Feb 13, 2016

The Fears of Fibromyalgia

Today I'm having a guest blogger and the very fist one on my little blog. Jenna and I have known one another since middle school and a few months ago her life turned pretty grim. I asked her to share her story with you all in case you know someone or may be having certain symptoms like hers. I urge you not to make mean or rude comments because it was tough for her to write so if you are going to comment, please be mindful. It's a sensitive topic.

Caitlin and I grew up going to Junior High together, realizing at this point and time that we were both premature infants. We created an instant bond of friendship that has tied us together ever since, though our lives have crossed in different directions and even headed down different roads. I want to thank Caitlin personally for allowing me the opportunity to share my story and create awareness to the outside public. 
 My name is Jenna Hafft-Larkin. My husband Ryan and I recently celebrated one year of marriage back in December.  We live in a quite, West-Chicago Suburb, called Bartlett with our two fur babies, FrenchÍ & Briè.  I currently work as a part-time Event Manager for a Country Club in Southern Illinois and about 6-months ago, I was diagnosed with Fibromyalgia, a chronic illness, associated with immune deficiency, and severe joint pain.  My life has taken on a large transition. 

Clinical Definition of Fibromyalgia: Fibromyalgia is a disorder characterized by widespread musculoskeletal pain accompanied by fatigue, sleep, memory and mood issues. Researchers believe that fibromyalgia amplifies painful sensations by affecting the way your brain processes pain signals.
  • Pain
  • The pain of fibromyalgia is profound, chronic and widespread. It can migrate to all parts of the body and vary in intensity. FM pain has been described as stabbing and shooting pain, with deep muscular aching, throbbing, and twitching. Neurological complaints such as numbness, tingling, and burning are often present and add to the discomfort of the person with fibromyalgia. The severity of the pain and stiffness is often worse in the morning. Aggravating factors that affect pain include cold/humid weather, non-restorative sleep, physical and mental fatigue, excessive physical activity, physical inactivity, anxiety and stress.
  • Fatigue
  • In today's world many people complain of fatigue; however, the fatigue of FM is much more than being tired after a particularly busy day or after a sleepless night. The fatigue of FM is an all-encompassing exhaustion that can interfere with occupational, personal, social or educational activities. Symptoms include profound exhaustion and poor stamina.
  • Sleep problems
  • Many people with fibromyalgia have an associated sleep disorder that prevents them from achieving deep, restful, restorative sleep. Medical researchers have documented specific and distinctive abnormalities in the Stage 4 deep sleep of FM patients. During sleep, individuals with FM are constantly interrupted by bursts of awake-like brain activity, limiting the amount of time they spend in deep sleep.
  • Other signs, symptoms, and overlapping conditions
  • Additional symptoms may include: irritable bowel and bladder, headaches and migraines, restless legs syndrome (periodic limb movement disorder), impaired memory and concentration, skin sensitivities and rashes, dry eyes and mouth, anxiety, depression, ringing in the ears, dizziness, vision problems, Raynaud's Syndrome, neurological symptoms, and impaired coordination.  (For a more complete list of overlapping conditions, please see http://www.fmcpaware.org/overlapping-conditions.html.)

Symptoms sometimes begin after a physical trauma, surgery, infection or significant psychological stress. In other cases, symptoms gradually accumulate over time with no single triggering event.
Women are much more likely to develop fibromyalgia than are men. Many people who have fibromyalgia also have tension headaches, temporomandibular joint (TMJ) disorders, irritable bowel syndrome, anxiety and depression.
My life and Fibromyalgia:  Since my junior year of college, dating back to 2007/2008 I began contracting extremely severe Urinary Track Infections, with several visits to the Emergency Room, rounds of medication, and kidney pain, this was just the start of the early stages of diagnosis.  As time went on, the symptoms would come and go, I was referred to a Urologist, who diagnosed me with Interstitial Cystitis, chronic inflammation of the bladder.  With a diagnosis being discovered I was hopeful that by minor changes in my diet; my symptoms would disappear.  Looking back now into 2010, 2011 and so forth, my bladder infections continued to affect my body, and now I was starting to experience chronic joint pains in my knees.  For years, I visited Orthopedic doctors, I did physical therapy treatments, and all that was released was that the cartilage in my joints was no longer there.  It has been worn down from years of gymnastics and cheerleading, and well I was far to young to be discussing knee-replacement.  Rolling into 2013, after a heavy-hearted breakup, emotional abuse from previous relationships, and some more familiar and close than I imagined, I went into a Stage 3 depression.  I could barely get out of bed in the morning, I was physically, mentally, and emotionally exhausted, I knew I needed help. Depression, trauma, stress, additional symptoms that correspond with Fibromyalgia.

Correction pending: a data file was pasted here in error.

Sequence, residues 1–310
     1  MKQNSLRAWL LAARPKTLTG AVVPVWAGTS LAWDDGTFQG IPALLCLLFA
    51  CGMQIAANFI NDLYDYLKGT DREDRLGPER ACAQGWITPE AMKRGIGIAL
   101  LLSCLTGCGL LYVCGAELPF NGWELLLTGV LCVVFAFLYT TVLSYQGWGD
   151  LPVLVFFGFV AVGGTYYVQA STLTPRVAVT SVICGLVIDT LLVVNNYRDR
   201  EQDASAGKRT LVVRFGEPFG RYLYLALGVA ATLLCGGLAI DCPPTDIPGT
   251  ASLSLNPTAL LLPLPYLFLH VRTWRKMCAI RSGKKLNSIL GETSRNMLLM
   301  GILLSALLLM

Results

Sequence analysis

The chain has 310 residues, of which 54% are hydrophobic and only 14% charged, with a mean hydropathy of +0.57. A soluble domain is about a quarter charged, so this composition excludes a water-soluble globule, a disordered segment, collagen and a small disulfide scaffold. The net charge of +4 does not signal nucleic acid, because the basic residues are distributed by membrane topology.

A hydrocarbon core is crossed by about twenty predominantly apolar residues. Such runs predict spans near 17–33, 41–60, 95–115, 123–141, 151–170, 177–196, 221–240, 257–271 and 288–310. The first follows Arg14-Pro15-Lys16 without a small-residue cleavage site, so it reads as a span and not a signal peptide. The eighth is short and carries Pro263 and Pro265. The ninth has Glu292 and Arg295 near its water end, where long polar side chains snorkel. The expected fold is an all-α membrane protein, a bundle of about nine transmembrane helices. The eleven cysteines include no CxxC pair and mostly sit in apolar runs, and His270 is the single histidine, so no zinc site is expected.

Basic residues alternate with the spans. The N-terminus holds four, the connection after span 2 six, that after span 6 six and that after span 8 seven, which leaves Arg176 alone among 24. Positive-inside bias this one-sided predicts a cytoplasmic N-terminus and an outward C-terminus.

In early 2014, as I began preparing for a destination wedding, I began having significant digestion problems. I was constantly getting sick from foods I would eat on a normal basis, I was working out heavily, with hopes of losing weight for my wedding, I was working full time, and losing energy fast.  By the end of 2014, 3 months leading up to my wedding, I again went back into physical therapy this time due to back spasms and neck pain. As my husband and I wed, we said, "I do," we escaped into the Jamaican sunset on our honeymoon, I was not prepared for what would come.  
Shortly after a business trip from San Diego, I came down with a violent spell of nausea and bowel problems. I lost my appetite, and I couldn't keep an ounce of food down, one way or the other.  I had no energy, I could barely get out of bed. I spent two weeks between physicians until I was finally sent to a specialist, where they conducted a colonoscopy and an endoscopy. Remember, I'm only 29.  This specialist  was able to conclude, 7 years after the fact, that I had IBS, or what is known as Irritable Bowel Syndrome, another dormant symptom of Fibromyalgia.  But this wasn't the end, between June and August of 2015, I lost approximately 12-pounds, I was still barely keeping food down, I had little to know energy, and I started having tremors in my legs and arms, I was becoming fatigued, along with having insomnia, I was going weeks without more than hour or 2 of sleep, if I was lucky, I couldn't explain what was happening, but I knew I needed answers.